We’ve all heard about buyer’s remorse. But how about leaser’s remorse? Some consumers who hope to get out of their car leases—or who want to take over someone else’s lease on the cheap—are turning to lease trading websites, notably LeaseTrader.com, which handled 60,000 lease transactions in 2009 and is on pace to handle 70,000 this year.
For folks looking to unload their leases, the attraction is obvious: These websites put them in touch with all sorts of people who might be willing to take over the payments. For those in the market for a car, these sites allow you to shop around, negotiate, and take over a lease without ever having to hand over a down payment. Both sides of the transaction, however, incur fees that’ll run at least a couple hundred bucks.
Below, LeaseTrader’s John Sternal answers my questions regarding how the site works, what kinds of fees consumers can expect, and advice for both sides of the lease-trade transaction. If you’re seriously considering lease trading, it’s also worth your time to look over this Edmunds story, which provides a good overview of lease trading and includes details on LeaseTrader competitors such as Swapalease.com.
What kinds of cars tend to show up in large numbers at LeaseTrader? In browsing the listings, I see lots of high-end luxury vehicles — BMWs, Mercedes, etc. Also, have noticed any trends since the economic downturn began — for instance, have the kinds of cars listed on your site changed much?
LeaseTrader’s John Sternal: Yes, it is true that the LeaseTrader.com marketplace offers plenty of choices on high-end leases. But Fred Flintsone would have loved this site. Leasing in general tends to skew towards the luxury and high-end side of automotive, but there are all kinds of vehicles in the marketplace. There are fewer SUVs to reflect fewer on the road today. We’re also seeing more domestic vehicles from GM and Ford as these companies have done a remarkable job raising the profile of their vehicle lineup.
What parts of the lease-trading process are negotiable? And what tips can you offer to consumers trying to negotiate taking over a lease?
JS: While you can’t rewrite the contract during a lease takeover, you can certainly negotiate with the “seller” during the deal. Like marriage, you can always find ways to negotiate but sometimes that means compromise on other areas. Of course if the seller is really desperate to get out of the contract (which happens a lot these days) you’ve got a lot of power. One big area to negotiate is in the monthly price. Ask the seller to buy down the balance of the lease, which will lower the monthly price.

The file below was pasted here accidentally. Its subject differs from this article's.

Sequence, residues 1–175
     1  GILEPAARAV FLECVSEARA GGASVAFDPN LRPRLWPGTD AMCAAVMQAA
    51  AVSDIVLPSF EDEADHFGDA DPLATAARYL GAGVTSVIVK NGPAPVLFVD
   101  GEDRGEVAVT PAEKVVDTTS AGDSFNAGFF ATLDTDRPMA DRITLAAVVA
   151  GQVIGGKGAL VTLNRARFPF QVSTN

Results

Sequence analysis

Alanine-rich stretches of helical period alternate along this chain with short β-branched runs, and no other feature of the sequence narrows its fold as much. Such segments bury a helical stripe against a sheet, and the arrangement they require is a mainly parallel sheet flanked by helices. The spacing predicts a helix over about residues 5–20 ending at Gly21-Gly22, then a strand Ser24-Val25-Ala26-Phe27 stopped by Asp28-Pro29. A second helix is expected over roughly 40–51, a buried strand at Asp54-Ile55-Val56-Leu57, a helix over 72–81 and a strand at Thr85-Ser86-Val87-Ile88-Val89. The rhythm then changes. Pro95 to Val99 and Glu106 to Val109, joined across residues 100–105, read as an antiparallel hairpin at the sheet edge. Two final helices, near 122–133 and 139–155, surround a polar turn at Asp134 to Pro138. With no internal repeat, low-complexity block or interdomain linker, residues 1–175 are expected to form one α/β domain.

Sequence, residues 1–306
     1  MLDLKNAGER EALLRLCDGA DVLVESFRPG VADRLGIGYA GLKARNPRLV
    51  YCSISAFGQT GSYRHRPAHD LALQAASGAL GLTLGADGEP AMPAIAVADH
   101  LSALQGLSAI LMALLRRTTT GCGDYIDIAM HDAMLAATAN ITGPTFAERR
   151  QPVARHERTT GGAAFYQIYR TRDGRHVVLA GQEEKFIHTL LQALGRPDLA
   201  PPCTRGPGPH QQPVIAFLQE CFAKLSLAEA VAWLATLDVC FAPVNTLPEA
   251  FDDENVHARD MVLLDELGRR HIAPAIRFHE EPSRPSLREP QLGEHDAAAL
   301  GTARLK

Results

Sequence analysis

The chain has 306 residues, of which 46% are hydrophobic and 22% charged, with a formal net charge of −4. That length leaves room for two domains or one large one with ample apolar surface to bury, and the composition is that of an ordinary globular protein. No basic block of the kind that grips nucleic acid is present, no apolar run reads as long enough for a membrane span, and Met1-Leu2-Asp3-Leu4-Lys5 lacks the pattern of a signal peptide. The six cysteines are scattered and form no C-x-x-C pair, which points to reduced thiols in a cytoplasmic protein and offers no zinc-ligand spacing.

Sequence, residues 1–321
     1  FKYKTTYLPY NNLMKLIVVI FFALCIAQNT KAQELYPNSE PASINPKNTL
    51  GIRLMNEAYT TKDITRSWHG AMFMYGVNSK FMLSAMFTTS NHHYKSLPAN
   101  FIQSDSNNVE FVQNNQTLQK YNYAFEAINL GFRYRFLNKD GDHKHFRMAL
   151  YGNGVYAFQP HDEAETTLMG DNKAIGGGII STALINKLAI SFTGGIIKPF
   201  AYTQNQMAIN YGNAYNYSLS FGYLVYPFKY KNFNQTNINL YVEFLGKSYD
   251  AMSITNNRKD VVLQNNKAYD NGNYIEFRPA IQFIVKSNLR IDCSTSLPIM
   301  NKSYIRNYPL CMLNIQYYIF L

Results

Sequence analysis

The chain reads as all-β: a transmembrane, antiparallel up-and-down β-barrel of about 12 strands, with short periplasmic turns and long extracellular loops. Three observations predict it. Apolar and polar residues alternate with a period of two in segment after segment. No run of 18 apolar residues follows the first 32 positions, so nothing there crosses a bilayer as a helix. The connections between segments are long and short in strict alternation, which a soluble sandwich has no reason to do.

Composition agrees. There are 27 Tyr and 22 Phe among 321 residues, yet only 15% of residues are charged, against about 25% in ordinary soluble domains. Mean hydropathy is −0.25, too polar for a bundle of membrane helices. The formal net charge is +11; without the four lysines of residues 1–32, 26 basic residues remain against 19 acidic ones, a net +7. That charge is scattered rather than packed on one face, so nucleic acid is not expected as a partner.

How, in your opinion, does a buyer get the best deal while taking over a lease? Are you more likely to get a deal on certain kinds of cars, or if you’re taking over a longer/shorter lease, or what? And what qualifies to be listed as a “Hot Deal” on your site?
JS: A lot goes into consideration for a “Hot Deal.” As you may or may not know, leasing is all about mileage, months and price. Some listings are hot deals because of a low monthly price, while others are a hot deal because there is a lot of mileage remaining on the contract. The key in getting a good deal is knowing what’s important to you and also knowing where you can give a little. For example, if your hot button is having a lot of mileage, search for cars with lots of mileage left and be willing to give a little on the best possible price. Having more miles left on the contract will pay for itself in the long run.
Before someone takes over a lease, what fees should one know about ahead of time?
JS: To take over a lease it costs $39 for credit verification and a 60-day membership; it then costs you $149 to begin the transfer. These are LeaseTrader.com’s fees. The leasing company also charges a fee to do the transfer and their fee can range anywhere from $75 – $600, depending on which leasing company you’re with. Why such a big range? That’s an excellent question for the leasing companies, and one we’ve been trying to address with them for years. Understand that it’s important to do the credit verification up front so that we know every single interested party has the appropriate credit to take over someone’s lease payment. There is no down payment when taking over a lease, so that’s good for several thousands of dollars remaining in your pocket.
To get rid of a lease it costs a one-time fee of $89 to list the vehicle on the site, followed by a fee of $149 to begin the transfer process (both sides pay a transfer process fee).
Along those lines, what complications should someone know about ahead of time before taking over a lease? For instance, how does it work if the purchaser and seller live far away from each other?
JS: LeaseTrader.com always recommends you find a car in your own area. But we’re a nationwide service and we handle cross-country transactions daily. When that’s the case we offer two very key third-party services to help you get the car of your dreams. We offer a vehicle inspection report that comes with a full vehicle history and lots of pretty pictures, so you know exactly what you’re getting. We also offer transportation quotes to ship the vehicle to you. The great benefit here is that you don’t have to ship the car back at the end of the lease.
From the seller standpoint, what are some tips for unloading your lease as quickly as possible?
JS: You want to do some research to see what similar cars are listed for. If you’re paying $800 a month and similar vehicles are listed at $600 a month, general economics rules say you’ve got to price your vehicle (by buying down some of the balance) competitively. Other than that, take lots of pretty pictures of your car. Remember, finding a good match is not unlike online dating – good pictures can mean everything.